McCarthy kicks off the film with an intense prologue and every scary scene that follows maintains a high level of intensity.
At the Devil’s Door
The long road between the small screen and the silver screen is littered with the corpses of wonderfully talented individuals who knew nothing but success when beamed into millions of homes each week, but many failed to bring those millions of viewers into the box office. Oh, there are those who successfully navigated that road: Clint Eastwood, Tom Hanks, Johnny Depp, Bruce Willis, Ron Howard. Even Jennifer Aniston, who many think is box office poison, but is actually a success if you study the numbers carefully.
The rest of Aniston’s Friends cast mates? Roadside litter. Sure, they’ve all found work and even Courtney Cox had the Scream franchise, but those five Central Perk denizens who didn’t play Rachel just haven’t made it happen on the big screen. The same might someday be said for the cast of Glee. It’s still a little too soon to tell, but early indications aren’t promising. Chris Colfer had some indie success with Struck By Lightning, but Lea Michelle’s New Year’s Eve and Dianna Agron’s I Am Number Four and The Family failed to dazzle. Next up, Glee alum Naya Rivera takes on her first lead in IFC Midnight’s At the Devil’s Door.
Somewhere in the middle of nowhere in the late 1980s, a young man convinces his young lover to sell her soul to the devil for a stack of cash. She does it but regrets it – and regrets it doubly so after the devil has his way with her. Fast-forward to the present day and a middle-aged couple whose daughter is missing needs to sell their house to make ends meet in a tough economy. Their real estate agent is Leigh (Catalina Sandino Moreno) who, walking through the house after it has been all but emptied, finds the exact same cash from decades before – the devil’s money. When things take a dark turn, Leigh’s sister Vera (Naya Rivera), a rising artist, does some investigating that leads her back to the story of that first young girl. What you get with writer/director Nicholas McCarthy‘s At the Devil’s Door is a little win, a little lose, and a little draw.
In the win column is the most important thing you want from a horror film: scares … and plenty of them. McCarthy (The Pact) kicks off the film with an intense prologue about the girl and her deal with the devil, and every scary scene that follows maintains a high level of intensity. And it is intensity, not simply a series of jump scares shoddily designed and recklessly inserted for cheap thrills. There are one or two effective (and acceptable) false-fright moments, but every other shock is earned by doing something shocking.
Also in the win column is some very good cinematography from Bridger Nielson, who is at his best in the prologue scenes. Speaking of those prologue scenes, they also appear as flashbacks, deftly inserted throughout the film and creating a non-linear story that keeps you interested.
Well … their deft insertion keeps you interested in the flashback scenes, at least.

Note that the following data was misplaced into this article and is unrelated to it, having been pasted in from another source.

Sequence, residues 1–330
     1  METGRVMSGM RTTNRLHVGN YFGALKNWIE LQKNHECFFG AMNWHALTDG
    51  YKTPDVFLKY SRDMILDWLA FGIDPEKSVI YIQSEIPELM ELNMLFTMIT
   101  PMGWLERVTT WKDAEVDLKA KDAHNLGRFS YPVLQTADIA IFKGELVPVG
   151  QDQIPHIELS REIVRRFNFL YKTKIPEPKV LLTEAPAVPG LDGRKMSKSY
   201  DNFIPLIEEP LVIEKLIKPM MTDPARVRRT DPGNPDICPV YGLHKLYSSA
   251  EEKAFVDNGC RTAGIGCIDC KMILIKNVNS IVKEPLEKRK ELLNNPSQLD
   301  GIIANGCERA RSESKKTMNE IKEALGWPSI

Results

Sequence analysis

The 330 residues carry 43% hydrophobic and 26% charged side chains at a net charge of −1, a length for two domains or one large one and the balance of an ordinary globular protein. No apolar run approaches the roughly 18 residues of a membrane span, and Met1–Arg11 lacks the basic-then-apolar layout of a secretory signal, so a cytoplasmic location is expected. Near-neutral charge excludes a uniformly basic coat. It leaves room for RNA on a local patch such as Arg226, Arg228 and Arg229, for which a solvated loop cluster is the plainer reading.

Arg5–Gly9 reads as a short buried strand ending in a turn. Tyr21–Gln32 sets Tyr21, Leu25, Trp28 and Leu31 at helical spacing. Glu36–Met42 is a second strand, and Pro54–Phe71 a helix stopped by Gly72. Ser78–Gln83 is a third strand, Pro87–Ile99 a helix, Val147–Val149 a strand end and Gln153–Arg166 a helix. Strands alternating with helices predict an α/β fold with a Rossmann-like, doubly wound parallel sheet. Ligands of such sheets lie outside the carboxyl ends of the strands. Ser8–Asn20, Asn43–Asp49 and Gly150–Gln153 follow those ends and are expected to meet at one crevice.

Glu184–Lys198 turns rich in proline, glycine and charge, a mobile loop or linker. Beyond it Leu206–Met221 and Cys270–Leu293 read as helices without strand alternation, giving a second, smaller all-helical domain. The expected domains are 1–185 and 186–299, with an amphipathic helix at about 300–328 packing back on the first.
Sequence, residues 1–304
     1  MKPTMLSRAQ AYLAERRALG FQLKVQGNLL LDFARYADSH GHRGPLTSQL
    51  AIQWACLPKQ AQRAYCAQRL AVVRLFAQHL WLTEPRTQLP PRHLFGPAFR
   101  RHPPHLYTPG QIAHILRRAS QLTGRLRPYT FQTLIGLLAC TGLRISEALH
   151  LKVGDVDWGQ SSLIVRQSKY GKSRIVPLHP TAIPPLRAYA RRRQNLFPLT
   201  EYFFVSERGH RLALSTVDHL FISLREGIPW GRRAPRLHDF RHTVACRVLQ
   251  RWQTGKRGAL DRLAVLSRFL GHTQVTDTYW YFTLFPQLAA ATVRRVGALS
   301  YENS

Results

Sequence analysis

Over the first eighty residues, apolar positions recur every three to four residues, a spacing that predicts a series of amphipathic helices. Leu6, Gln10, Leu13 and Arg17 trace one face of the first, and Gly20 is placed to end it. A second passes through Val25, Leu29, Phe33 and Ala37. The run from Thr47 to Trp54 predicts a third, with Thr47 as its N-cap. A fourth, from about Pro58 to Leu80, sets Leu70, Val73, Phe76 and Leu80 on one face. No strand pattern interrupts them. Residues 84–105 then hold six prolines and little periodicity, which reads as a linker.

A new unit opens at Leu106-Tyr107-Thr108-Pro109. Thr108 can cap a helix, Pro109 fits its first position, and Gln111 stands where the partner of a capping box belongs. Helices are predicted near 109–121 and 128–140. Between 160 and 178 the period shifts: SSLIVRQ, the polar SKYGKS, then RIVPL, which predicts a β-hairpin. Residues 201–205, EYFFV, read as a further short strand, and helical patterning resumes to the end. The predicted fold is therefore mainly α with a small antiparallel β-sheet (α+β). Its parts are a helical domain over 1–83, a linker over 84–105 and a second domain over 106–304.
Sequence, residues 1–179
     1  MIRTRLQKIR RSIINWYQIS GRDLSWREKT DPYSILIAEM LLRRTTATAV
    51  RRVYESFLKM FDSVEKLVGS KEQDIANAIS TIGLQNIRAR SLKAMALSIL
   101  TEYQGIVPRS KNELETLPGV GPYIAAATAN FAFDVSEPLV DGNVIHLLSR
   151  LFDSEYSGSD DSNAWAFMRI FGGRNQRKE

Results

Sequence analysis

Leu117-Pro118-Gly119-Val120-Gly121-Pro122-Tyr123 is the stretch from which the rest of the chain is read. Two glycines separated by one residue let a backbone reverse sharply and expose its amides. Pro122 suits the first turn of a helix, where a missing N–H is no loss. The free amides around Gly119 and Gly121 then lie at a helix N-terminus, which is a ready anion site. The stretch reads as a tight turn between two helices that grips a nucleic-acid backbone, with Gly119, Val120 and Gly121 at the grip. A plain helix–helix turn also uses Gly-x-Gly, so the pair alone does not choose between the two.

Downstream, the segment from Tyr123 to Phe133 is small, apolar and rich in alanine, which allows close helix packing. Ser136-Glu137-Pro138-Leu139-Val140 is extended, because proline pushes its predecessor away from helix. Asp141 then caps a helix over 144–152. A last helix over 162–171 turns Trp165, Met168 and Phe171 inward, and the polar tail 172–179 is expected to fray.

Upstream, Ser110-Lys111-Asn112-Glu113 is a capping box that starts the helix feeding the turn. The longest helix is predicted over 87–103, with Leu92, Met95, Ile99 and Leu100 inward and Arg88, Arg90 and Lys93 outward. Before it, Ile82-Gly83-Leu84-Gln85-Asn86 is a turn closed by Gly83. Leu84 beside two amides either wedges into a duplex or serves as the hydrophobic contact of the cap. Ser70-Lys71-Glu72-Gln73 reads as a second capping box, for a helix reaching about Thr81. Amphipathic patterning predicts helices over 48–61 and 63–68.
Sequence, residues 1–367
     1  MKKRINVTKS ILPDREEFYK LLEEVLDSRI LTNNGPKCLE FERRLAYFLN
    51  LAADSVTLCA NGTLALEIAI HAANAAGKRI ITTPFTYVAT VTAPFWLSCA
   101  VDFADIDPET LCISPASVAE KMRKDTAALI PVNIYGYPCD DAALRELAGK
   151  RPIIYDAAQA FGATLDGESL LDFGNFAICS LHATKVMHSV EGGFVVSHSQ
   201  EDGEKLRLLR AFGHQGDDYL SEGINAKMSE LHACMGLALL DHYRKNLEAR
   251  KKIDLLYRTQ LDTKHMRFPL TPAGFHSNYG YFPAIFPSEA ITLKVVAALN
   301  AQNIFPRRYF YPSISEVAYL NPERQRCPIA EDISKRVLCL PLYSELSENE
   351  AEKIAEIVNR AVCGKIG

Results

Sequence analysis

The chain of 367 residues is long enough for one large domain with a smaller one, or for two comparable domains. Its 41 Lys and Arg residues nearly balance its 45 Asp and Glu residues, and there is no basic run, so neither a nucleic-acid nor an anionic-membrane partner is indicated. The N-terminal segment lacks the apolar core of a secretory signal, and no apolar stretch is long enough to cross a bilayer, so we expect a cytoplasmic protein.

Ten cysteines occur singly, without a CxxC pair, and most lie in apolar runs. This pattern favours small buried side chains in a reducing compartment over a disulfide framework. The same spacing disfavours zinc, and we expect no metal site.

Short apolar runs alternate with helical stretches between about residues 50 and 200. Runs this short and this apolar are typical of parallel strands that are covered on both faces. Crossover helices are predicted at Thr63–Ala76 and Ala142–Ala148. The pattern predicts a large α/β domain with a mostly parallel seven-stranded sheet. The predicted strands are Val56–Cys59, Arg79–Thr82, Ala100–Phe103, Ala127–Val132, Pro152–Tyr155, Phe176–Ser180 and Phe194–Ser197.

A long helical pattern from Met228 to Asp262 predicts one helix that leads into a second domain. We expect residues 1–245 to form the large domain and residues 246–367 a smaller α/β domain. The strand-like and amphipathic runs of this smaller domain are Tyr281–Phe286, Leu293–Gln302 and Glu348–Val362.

And herein lies the first half of the one-two punch in the loss column for At the Devil’s Door: the story – the modern-day story – isn’t so much a house of cards as it is a couple of flimsy deuces and fours hastily thrown together to resemble something that wants to be a structure. The entire plot feels like it was written around a few key scary scenes. That makes every non-scary moment that takes place onscreen the moment that brings the film to a grinding halt with unnecessary tedium. It is so frustrating. You know the film can’t be 90 minutes of scares, so you want those downtimes, those heart-calming rests, to at least be interesting or advance a plot. There is no advancement here. There are only moments that move you from Point A to Point B like a dull city bus ride.
The back-end of that bad combination are the poorly developed characters, namely sisters Leigh and Vera. The only things I can tell you about them are this: their occupations, that they’re relationship is tenuous for reasons unknown, that Leigh is a Christian because one day she goes to church to pray (in one of those scenes that serves no purpose other than for McCarthy to suggest that, hey, God is here too), and that Vera’s latest boy toy is a doofus. And when I say “the only thing I can tell you,” I don’t mean because of spoilers. I mean because the women are never developed beyond that. These aren’t characters, they’re characteristics, but that’s all they’ve got. Even by the film’s end, I had no grasp of what kind of people these women were.
What’s so funny is that the prologue parts that were woven into the story were so compelling that I want to know more about those people than I do Leigh and Vera. How did they get there? Why did they need the money? Who is the mysterious man who runs the shell game? Prequel, please.
That leaves the draw: Rivera. The jury is still out on the Glee actress as a movie star because of the losses above. Without a developed character to lose herself into or a decent story to get lost in, she never has a chance to show if she has any range at all. It looks like her direction from McCarthy consisted of either brood or pout, because when the devil isn’t lurking, that’s about all her character does.
At the Devil’s Door makes the case for Nicholas McCarthy’s potential as a horror director. There is plenty to like in this film in terms of atmosphere and fright, but his director half needs to demand more from his writer half. Every horror film released today stands in the shadows of films like The Conjuring and Oculus. That doesn’t mean they need A-list stars or directors; that means they must remember that a horror story isn’t just about the horror; it’s about the story, too.